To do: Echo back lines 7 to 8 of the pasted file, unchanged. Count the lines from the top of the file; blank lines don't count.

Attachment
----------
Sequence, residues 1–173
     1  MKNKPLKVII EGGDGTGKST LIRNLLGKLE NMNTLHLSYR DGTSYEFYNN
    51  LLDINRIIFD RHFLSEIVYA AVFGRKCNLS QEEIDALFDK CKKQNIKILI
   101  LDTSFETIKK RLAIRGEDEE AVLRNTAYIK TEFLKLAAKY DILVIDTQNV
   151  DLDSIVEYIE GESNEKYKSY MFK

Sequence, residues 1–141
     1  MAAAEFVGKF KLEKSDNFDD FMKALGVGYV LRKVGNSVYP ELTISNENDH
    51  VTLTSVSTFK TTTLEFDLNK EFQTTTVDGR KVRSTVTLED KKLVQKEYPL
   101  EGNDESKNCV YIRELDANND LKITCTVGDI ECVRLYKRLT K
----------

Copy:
     1  MAAAEFVGKF KLEKSDNFDD FMKALGVGYV LRKVGNSVYP ELTISNENDH
    51  VTLTSVSTFK TTTLEFDLNK EFQTTTVDGR KVRSTVTLED KKLVQKEYPL